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|Closing the Ring|
|R E V I E W B Y R I C H C L I N E||
dir Richard Attenborough|
scr Peter Woodward
with Shirley MacLaine, Christopher Plummer, Neve Campbell, Mischa Barton, Gregory Smith, David Alpay, Stephen Amell, Martin McCann, Brenda Fricker, Pete Postlethwaite, Allan Hawco, Sean McGinley
release UK/US 28.Dec.07
With this ring: Amell and Barton
Clearly aiming to be a sprawling romantic epic, this parallel timelines drama has some strong moments, but never quiet comes into focus, mainly because it's not easy to keep all the story threads straight.
In 1991 Michigan, Ethel (MacLaine) is burying her husband of 40 years with her daughter Marie (Campbell) and her husband's old war friend Jack (Plummer). Meanwhile in Belfast, a young man (McCann) discovers a wedding ring amid the wreckage of a plane on a mountainside, triggering a walk down memory lane. Back in the 1940s the young Ethel (Barton) was in love with Teddy (Amell), whose friends Jack and Chuck (Smith and Alpay) are sworn to take care of her if anything happens to him.
The basic set-up is rather confusing, as it involves 1940s and 1990s versions of most of the characters, plus four settings: Michigan and Belfast, then and now. The film flickers around as the story continually circles back in on itself, sprinkling revelations and connections that eventually fill in the gaps. In some ways, we're watching four completely separate stories, and even though they do eventually fit together, we spend so much work keeping things clear that we lose the emotional connection.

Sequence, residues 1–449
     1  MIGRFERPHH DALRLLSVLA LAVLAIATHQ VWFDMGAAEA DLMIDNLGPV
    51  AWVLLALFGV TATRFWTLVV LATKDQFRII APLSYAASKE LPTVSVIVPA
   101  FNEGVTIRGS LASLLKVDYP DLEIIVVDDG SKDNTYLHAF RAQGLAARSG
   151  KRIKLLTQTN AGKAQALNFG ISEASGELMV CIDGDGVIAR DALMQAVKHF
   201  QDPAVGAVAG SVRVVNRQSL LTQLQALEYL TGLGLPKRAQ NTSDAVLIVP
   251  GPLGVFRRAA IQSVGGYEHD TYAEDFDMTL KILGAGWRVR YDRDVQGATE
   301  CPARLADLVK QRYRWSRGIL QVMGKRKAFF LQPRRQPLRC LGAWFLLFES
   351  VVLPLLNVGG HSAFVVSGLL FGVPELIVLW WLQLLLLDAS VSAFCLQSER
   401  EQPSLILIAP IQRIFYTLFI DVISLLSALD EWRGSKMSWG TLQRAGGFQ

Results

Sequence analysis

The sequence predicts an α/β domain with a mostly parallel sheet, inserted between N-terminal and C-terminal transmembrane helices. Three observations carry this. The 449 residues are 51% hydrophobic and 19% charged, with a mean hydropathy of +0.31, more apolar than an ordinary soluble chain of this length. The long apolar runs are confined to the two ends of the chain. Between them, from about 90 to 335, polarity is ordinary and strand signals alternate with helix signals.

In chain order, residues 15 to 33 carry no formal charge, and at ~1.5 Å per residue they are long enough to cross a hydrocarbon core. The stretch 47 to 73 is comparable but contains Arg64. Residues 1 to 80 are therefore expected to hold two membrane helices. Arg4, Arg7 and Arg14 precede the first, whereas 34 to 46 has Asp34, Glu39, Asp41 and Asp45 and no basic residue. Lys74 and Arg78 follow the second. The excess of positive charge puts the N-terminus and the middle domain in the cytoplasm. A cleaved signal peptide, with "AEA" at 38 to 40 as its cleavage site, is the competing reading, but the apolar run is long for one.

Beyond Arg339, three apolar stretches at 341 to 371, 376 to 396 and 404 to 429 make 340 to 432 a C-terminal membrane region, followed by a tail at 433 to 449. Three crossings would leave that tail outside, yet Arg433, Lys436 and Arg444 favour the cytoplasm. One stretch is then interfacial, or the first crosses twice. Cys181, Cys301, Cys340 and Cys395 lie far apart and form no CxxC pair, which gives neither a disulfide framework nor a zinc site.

MacLaine and Plummer give the film a solid foundation in the story's strongest scenes, while Campbell delivers a terrific turn in the most engaging role. Fricker and Postlethwaite are fine as fringe characters who sometimes feel in the way of the main story. While in the central role, Barton never gets much to do besides lose her clothing while Amell strikes another beefy pose (he should never speak, really). Smith and Alpay register much more solidly, as both Jack and Chuck are the only characters who have real subtext.
Meanwhile, Attenborough crafts the movie as if it has Titanic levels of towering romance, but the various strands just don't work well enough together to make us feel much of anything, despite all of the soaring happiness and deep tragedy. It's beautifully produced, with some extremely striking sequences, and the puzzle-like structure keeps us gripped. But by the time all the secrets are revealed, we find it difficult to care.
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© 2007 by Rich Cline, Shadows on the Wall
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